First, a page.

It’s the kind of political whiplash that other world leaders have felt as well. South Korean President Moon Jae-in, who staked his political fortunes on close collaborations with Trump over nuclear negotiations with North Korea, is now facing the president’s demands that Seoul increase its payments fivefold to support U.S. troops stationed on the Korean Peninsula.

Japanese Prime Minister Shinzo Abe has courted Trump relentlessly, with nearly four dozen meetings and phone calls and an elaborate state visit to Tokyo in the spring. But Tokyo was not spared from steel tariffs early in Trump’s tenure, and Trump contradicted Abe over the summer by refusing to declare North Korea’s short-range missile tests a violation of U.N. resolutions.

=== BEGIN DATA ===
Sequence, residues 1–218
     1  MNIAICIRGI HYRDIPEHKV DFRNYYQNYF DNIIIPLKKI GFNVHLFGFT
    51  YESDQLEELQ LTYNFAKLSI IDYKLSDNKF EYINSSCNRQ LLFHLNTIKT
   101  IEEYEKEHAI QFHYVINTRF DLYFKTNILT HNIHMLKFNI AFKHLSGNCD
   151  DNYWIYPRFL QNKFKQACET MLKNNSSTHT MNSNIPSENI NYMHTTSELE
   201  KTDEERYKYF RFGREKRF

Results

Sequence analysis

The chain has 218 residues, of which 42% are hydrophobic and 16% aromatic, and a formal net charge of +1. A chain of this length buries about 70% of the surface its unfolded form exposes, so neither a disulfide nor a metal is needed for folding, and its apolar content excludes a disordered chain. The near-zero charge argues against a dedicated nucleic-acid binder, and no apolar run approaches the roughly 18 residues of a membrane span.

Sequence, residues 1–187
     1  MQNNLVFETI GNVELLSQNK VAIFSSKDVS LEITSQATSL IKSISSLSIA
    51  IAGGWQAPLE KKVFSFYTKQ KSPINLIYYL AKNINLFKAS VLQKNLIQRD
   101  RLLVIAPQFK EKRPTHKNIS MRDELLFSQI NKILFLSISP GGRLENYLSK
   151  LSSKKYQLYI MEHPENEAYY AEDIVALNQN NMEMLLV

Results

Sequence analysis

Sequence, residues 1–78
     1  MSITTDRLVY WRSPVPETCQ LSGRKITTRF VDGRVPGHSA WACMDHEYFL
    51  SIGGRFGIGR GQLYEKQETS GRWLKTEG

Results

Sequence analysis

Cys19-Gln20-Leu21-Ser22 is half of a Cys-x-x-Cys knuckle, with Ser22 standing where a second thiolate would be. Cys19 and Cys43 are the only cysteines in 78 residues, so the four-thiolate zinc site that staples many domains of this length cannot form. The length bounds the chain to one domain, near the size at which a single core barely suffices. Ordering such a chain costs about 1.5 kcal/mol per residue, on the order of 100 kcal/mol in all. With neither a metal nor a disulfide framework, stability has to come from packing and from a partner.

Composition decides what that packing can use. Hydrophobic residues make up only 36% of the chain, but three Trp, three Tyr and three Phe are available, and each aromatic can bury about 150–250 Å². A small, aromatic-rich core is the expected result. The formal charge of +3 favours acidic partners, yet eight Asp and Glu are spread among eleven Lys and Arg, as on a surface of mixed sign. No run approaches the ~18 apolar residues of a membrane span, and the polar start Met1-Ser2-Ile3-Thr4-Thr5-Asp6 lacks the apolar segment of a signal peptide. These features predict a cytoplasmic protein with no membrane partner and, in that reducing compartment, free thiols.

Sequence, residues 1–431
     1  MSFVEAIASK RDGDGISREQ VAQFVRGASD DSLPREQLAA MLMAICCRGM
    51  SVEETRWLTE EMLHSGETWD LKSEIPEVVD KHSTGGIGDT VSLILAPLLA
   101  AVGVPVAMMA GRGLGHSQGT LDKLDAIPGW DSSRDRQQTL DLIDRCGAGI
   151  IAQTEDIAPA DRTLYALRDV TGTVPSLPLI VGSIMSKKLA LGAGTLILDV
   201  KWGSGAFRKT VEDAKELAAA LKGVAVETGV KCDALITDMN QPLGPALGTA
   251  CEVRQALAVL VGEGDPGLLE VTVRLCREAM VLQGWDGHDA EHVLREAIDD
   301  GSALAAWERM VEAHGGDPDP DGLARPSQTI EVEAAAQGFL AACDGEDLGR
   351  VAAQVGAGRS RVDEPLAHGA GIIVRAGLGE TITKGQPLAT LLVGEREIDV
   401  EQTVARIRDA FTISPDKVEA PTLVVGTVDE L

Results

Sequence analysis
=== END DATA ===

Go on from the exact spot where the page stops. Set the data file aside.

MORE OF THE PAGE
For Bolsonaro, a far-right leader who had patterned his campaign after Trump’s and aggressively sought to ingratiate himself with the White House, the tariffs represented an embarrassing reality check on his strategy of gambling his administration’s foreign policy largely on good personal chemistry with a president who craves validation — but who views virtually all relationships as transactional and, potentially, disposable.